Ecologists say wolves should be allowed to roam beyond remote wilderness areas—and that by scaring off smaller predators like coyotes and jackals, wolves might do a good service, too. Emily Schwing reports.
Wolves are vital players in various ecosystems. So we humans need to develop a better tolerance for wolves. And the wolves need more space. That’s according to a new study in the journal Nature Communications. [Thomas M. Newsome et al., Top predators constrain mesopredator distributions]
“The key implication here is it sort of begins to reframe the entire discussion of conservation, because historically, our model has been almost a postage stamp model, where we protect certain areas and try to maintain intact assemblages of animals.”
University of Washington ecologist Aaron Wirsing, who took part in the study. He says the findings could lead to changes in how wildlife and land managers create policy.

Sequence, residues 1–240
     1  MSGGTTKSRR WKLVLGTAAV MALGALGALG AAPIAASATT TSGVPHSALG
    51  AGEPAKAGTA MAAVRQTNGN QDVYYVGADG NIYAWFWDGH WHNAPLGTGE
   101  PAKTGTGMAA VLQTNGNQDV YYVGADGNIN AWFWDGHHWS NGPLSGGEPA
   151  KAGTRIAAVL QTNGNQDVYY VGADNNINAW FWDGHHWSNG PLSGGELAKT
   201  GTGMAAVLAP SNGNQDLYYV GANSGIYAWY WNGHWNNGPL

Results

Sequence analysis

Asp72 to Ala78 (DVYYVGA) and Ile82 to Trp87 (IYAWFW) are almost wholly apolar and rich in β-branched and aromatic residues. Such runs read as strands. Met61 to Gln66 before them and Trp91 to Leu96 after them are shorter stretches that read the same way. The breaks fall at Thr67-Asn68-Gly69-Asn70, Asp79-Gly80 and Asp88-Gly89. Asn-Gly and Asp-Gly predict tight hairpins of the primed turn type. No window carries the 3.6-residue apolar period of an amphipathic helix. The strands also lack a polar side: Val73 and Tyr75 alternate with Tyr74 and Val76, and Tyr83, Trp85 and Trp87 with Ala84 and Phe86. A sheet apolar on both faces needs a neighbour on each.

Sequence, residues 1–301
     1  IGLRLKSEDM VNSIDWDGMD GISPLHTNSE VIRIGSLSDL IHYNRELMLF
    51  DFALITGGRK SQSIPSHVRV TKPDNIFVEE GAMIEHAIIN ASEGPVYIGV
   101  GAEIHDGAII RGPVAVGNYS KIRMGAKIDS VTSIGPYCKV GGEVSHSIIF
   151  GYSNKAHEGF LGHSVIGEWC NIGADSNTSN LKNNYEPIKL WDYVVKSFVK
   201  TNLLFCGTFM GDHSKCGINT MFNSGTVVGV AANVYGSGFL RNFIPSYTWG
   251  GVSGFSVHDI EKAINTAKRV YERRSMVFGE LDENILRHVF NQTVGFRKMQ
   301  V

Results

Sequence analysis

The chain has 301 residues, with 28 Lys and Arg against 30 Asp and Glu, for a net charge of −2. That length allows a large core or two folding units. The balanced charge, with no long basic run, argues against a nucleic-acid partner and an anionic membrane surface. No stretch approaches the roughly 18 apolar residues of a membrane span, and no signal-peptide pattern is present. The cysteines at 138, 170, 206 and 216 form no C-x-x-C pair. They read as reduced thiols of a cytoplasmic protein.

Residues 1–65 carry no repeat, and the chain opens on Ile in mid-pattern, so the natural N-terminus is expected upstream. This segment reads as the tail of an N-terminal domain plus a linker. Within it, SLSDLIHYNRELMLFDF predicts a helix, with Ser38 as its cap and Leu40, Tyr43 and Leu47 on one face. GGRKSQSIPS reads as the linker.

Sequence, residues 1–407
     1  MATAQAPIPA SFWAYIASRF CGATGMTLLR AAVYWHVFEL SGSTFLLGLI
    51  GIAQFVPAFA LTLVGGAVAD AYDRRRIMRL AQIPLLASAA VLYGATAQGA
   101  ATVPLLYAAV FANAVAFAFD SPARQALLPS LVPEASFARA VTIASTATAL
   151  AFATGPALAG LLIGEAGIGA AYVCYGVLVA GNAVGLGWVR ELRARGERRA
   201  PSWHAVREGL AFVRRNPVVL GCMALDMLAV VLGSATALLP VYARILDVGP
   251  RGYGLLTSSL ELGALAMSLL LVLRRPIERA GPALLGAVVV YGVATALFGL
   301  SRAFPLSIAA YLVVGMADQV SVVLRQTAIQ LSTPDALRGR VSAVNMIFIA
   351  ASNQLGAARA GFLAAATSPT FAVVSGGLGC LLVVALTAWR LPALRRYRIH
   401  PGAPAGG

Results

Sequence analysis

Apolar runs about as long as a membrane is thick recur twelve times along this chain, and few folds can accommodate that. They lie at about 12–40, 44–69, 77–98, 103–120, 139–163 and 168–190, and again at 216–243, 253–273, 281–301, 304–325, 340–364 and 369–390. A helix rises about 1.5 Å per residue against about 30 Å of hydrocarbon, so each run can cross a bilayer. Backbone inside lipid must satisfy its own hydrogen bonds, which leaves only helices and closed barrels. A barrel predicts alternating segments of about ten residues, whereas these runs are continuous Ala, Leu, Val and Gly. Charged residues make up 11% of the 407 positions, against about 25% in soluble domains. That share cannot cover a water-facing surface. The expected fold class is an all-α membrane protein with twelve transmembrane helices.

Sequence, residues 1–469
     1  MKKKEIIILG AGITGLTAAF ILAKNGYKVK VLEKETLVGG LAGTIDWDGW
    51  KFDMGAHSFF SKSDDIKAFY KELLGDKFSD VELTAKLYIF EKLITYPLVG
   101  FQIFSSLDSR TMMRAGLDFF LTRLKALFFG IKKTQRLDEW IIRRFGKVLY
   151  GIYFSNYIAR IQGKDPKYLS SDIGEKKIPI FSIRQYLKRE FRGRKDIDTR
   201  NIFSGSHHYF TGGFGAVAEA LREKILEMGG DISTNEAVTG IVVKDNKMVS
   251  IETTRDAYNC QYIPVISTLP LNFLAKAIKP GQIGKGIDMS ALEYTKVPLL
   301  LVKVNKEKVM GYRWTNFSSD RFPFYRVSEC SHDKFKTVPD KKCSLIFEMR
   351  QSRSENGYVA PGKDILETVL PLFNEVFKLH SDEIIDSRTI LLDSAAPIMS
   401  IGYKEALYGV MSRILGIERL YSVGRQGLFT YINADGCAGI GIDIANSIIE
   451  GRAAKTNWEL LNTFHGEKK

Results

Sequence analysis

“We need to allow predators to occupy more landscapes than just remote, protected areas, on the other hand, we also need to heavily manage them, recognizing that they do conflict with people.”
That’s why Wirsing is not calling for wolves to simply roam free, throughout North America, Europe or Australia—all places the researchers examined that have dealt with conflicts among people, their livestock and wolves. But wildlife management plans should take into account that wolves, although they do sometimes kill ranch animals, can also prevent such deaths—by driving away other predators.
“Worldwide, smaller mesopredators like coyotes, jackals and such, actually themselves prey pretty heavily on livestock and can cause a lot of economic damage.”
So wolves could become a net positive in the relationship with people. If they’re given a chance. [wolf howl]
[The above text is a transcript of this podcast.]